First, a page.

The big deal is that the new versions of setuptools have embraced it, and no longer require pkg_resources to run entry points. To be more precise, the new logic selects the built-in module as the first choice, with fallback to the importlib_metadata backport and finally to pkg_resources.

This means that the vast majority of packages that used to depend on setuptools at runtime, no longer does strictly that. With Python 3.8 and newer, they have no additional runtime dependencies and just require setuptools at build time. With older versions of Python, they prefer importlib_metadata over it. In both cases, the packages can still use pkg_resources directly though.

How to resolve it via the eclass?

Now, technically speaking this means replacing rdepend with three new variants:

  • scripts — that means build-time dependency on setuptools + runtime impl-conditional dep on importlib_metadata, for pure entry point usage.
  • rdepend — that means runtime dependency on setuptools, for pure pkg_resources usage.
  • scripts+rdepend — for packages that combine both.

Of course, this means that the existing packages would get a humongous number of new bug reports, often requesting a change to the value that was updated recently. The number could be smaller if we changed the existing meaning of rdepend to mean importlib.metadata, and introduced a new value for pkg_resources.

Still, that’s not the best part. The real fun idea is that once we remove Python 3.7, all Python versions would have importlib.metadata built-in and the distinction will no longer be necessary. Eventually, everyone would have to update the value again, this time to bdepend. Great, right?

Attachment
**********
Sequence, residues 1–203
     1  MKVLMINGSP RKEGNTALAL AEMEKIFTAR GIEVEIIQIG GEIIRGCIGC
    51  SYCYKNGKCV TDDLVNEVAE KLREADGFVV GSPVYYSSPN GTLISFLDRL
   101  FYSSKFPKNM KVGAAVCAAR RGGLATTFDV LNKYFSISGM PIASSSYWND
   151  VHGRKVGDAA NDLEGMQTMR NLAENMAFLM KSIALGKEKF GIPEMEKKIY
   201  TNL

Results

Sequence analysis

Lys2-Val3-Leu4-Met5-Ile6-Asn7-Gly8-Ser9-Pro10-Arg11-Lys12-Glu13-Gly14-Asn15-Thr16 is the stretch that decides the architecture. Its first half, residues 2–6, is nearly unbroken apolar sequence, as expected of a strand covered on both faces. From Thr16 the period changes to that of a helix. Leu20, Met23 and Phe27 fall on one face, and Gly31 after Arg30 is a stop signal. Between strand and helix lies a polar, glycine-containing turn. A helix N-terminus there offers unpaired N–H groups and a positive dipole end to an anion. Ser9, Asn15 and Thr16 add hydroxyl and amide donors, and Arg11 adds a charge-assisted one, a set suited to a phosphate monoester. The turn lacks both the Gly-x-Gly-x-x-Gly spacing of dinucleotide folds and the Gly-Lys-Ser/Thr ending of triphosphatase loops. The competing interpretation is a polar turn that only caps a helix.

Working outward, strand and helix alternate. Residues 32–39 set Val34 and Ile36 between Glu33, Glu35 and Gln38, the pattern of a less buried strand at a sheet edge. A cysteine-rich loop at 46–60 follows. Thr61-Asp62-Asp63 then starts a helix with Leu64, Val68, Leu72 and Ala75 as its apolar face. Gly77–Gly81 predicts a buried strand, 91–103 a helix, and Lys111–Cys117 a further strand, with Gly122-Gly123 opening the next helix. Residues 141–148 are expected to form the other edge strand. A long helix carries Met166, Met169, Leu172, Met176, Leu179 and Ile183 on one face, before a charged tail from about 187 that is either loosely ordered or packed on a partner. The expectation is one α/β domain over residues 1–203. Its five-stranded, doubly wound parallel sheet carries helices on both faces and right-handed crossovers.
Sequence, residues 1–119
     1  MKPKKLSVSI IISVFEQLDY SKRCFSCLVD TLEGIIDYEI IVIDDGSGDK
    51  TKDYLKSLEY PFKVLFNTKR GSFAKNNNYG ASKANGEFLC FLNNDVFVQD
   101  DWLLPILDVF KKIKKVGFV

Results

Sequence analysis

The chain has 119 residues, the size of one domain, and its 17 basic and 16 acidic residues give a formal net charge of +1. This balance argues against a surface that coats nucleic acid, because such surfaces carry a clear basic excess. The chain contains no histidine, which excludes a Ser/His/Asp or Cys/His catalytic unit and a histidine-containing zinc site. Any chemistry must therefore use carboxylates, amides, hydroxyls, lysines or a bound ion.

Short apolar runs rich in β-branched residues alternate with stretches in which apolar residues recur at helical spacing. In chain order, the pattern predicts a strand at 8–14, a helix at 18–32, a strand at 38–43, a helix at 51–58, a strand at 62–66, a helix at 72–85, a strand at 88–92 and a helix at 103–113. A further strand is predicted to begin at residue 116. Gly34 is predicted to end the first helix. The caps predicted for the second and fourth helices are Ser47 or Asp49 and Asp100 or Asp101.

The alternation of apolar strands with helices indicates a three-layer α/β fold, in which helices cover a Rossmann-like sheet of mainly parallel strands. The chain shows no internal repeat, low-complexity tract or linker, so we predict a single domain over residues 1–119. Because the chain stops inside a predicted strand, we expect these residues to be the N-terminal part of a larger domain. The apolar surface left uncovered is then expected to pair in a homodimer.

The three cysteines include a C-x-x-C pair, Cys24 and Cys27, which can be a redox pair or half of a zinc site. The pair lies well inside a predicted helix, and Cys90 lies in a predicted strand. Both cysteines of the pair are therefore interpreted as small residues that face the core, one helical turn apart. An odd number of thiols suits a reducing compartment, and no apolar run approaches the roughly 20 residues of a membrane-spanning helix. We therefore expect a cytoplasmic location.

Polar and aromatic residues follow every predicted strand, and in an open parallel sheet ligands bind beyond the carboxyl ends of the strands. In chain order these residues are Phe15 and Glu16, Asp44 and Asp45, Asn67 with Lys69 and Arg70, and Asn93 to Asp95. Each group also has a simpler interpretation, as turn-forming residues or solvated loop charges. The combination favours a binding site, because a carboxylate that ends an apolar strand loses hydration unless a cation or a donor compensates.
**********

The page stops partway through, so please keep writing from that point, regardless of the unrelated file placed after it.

…or not to resolve it?

Now that we’ve discussed the solution recommended to me, let’s consider an alternative. For the vast majority of packages, the runtime dependency on setuptools is unnecessary. If the user uses Python 3.8+ or has importlib_metadata installed (which is somewhat likely, due to direct dependencies on it), pkg_resources will not be used by the entry points. Nevertheless, setuptools is still pretty common as a build-time dependencies and, as I said before, it makes little sense to uninstall it.

We can simply keep things as-is. Sure, the dependencies will not be 100% optimal. Yet, the dependency on setuptools will ensure that entry points continue working even if the user does not have importlib_metadata installed. We will eventually want to update DISTUTILS_USE_SETUPTOOLS logic but we can wait for it till Python versions older than 3.8 become irrelevant, and we are back to three main variants.

October 06 2020

Speeding up emerge depgraph calculation using PyPy3

Michał Górny (mgorny) October 06, 2020, 8:01

WARNING: Some of the respondents were< not able to reproduce my results. It is possible that this dependent on the hardware or even a specific emerge state. Please do not rely on my claims that PyPy3 runs faster, and verify it on your system before switching permanently.